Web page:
In 2015 I was introduced to a film called “Bone Tomahawk”, which is a western from writer/director S. Craig Zahler. The movie was engrossing and delivered a western that would be good in any year. With that film my radar for filmmakers got tuned real quickly to Zahler. I couldn’t wait to see what he did next. That wait is over with Zahler’s new film “Brawl in Cell Block 99” and like his first film, he delivers again.
Bradley (don’t call him Brad) Thomas (Vince Vaughn) is trying to make life work. Bradley is a quiet giant who looks as calm as can be, but don’t let that fool you. After losing his job he comes home to find his wife Lauren (Jennifer Carpenter) sitting in her car and when he confronts her, she confesses to an affair. Bradley’s calm demeanor stays as he asks Lauren to go inside and once she is gone he proceeds to give her car a makeover. At that moment you realize there is more than meets the eyes with Bradley. Now with no job and tired of the cards life has dealt him, Bradley goes to work for a friend where he will run ‘packages” to and from places. Fast forward some time later and things are looking good for Bradley. He has a new house and him and Lauren are expecting a child. His employer has a big job for him, but this job doesn’t go well and when Bradley gets caught he is loyal and accepts the time he will have to do. Things though don’t always go how you expect as an unpaid debt will force Bradley to do whatever it takes to keep his family safe, not matter what the cost.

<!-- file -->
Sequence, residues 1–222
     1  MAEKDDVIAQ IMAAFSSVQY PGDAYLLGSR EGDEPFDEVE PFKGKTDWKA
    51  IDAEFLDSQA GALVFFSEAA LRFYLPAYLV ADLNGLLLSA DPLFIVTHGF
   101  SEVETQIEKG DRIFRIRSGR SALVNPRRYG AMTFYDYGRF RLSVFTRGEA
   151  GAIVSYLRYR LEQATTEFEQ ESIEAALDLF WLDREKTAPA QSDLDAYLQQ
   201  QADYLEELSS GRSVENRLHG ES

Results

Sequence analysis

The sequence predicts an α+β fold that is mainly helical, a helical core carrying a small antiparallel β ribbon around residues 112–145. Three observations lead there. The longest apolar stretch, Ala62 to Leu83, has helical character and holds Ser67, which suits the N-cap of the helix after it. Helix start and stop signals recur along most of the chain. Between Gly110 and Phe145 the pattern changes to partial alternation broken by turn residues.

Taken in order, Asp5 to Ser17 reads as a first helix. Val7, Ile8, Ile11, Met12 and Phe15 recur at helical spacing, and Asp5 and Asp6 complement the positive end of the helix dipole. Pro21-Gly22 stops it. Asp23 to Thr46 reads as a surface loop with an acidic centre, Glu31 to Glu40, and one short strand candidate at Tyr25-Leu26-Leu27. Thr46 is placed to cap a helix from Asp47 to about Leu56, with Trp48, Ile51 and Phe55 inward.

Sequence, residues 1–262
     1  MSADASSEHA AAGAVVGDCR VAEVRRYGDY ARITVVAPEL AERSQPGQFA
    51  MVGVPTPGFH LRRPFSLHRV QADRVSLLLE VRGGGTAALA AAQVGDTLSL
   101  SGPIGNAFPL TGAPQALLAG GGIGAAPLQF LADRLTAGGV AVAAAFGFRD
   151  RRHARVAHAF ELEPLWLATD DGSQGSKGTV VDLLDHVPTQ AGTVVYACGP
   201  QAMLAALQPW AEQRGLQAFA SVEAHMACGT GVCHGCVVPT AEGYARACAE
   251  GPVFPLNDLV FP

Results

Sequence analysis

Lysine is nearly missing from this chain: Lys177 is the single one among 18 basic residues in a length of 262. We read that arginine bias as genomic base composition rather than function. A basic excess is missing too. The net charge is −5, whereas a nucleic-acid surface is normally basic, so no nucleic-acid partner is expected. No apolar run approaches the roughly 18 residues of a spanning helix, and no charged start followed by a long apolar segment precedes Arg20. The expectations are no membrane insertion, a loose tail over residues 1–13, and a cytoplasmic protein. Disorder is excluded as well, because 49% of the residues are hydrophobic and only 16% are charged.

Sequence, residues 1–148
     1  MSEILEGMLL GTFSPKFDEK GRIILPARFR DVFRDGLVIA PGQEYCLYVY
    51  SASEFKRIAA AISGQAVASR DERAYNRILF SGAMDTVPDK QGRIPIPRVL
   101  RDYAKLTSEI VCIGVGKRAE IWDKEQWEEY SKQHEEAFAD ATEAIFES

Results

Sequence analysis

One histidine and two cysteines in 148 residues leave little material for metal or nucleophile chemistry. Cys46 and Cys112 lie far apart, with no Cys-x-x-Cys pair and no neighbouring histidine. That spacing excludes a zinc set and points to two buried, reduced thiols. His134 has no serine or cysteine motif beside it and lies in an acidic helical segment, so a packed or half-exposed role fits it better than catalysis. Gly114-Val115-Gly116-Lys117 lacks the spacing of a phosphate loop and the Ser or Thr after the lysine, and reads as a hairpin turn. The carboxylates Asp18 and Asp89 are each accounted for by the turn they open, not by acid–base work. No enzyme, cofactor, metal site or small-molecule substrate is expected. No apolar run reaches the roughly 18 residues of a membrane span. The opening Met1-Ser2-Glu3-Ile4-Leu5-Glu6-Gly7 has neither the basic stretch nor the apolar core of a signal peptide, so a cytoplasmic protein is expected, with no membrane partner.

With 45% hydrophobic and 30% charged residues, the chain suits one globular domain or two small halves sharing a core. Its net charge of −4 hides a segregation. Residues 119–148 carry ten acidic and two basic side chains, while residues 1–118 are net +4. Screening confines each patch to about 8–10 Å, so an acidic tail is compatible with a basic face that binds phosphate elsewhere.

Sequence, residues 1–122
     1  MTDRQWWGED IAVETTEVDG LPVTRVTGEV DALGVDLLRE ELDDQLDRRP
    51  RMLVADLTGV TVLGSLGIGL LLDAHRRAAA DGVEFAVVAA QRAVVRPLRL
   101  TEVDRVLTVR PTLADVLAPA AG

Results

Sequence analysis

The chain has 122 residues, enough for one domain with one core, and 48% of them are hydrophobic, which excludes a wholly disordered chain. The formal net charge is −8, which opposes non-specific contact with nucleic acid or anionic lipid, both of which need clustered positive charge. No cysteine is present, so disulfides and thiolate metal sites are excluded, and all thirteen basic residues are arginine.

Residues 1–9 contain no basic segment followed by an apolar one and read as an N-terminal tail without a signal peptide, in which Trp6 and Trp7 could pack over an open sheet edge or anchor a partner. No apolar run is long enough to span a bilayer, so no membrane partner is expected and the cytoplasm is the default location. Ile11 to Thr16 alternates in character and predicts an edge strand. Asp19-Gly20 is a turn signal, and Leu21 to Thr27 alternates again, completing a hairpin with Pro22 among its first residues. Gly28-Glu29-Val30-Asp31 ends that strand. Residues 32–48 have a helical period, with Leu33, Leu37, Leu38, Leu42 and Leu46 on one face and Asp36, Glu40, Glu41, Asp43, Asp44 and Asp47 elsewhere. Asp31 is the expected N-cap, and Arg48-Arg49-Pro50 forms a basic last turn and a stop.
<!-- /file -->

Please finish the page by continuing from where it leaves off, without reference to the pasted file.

“Brawl in Cell Block 99” gives you an expectation of what you are in for in the title, but in the beginning you only see flashes of what’s to come. Zahler, like in his first film let’s things build up to their boiling point and even though at times it is a slow boil, when things do start, they start with a loud crack. There is such a beauty to this film, a quite and violent beauty, which is all set in place by Zahler and like with “Bone”, Zahler finds the perfect lead. With Bone he put Kurt Russell in a world that he just slid into and with “Cell Block” he does the same with Vaughn. From beginning to end Vaughn commands your attention every second he is on the screen in ways that the 6’5” actor has had done.
Before as he was known for comedies most of his career Vaughn is mesmerizing as Bradley. While the rest of the cast is good, Vaughn is the center of it all and embodies the elegant blend of serene and beautiful brutality of the film perfectly. Things happen suddenly and unexpectedly which really helps deliver a more powerful impact. “Cell Block” is a perfect companion to Zahler’s first film, and is a must watch in my eyes. Films like this don’t seem to get made often enough and when they are, very few are told with such craftsmanship as this one.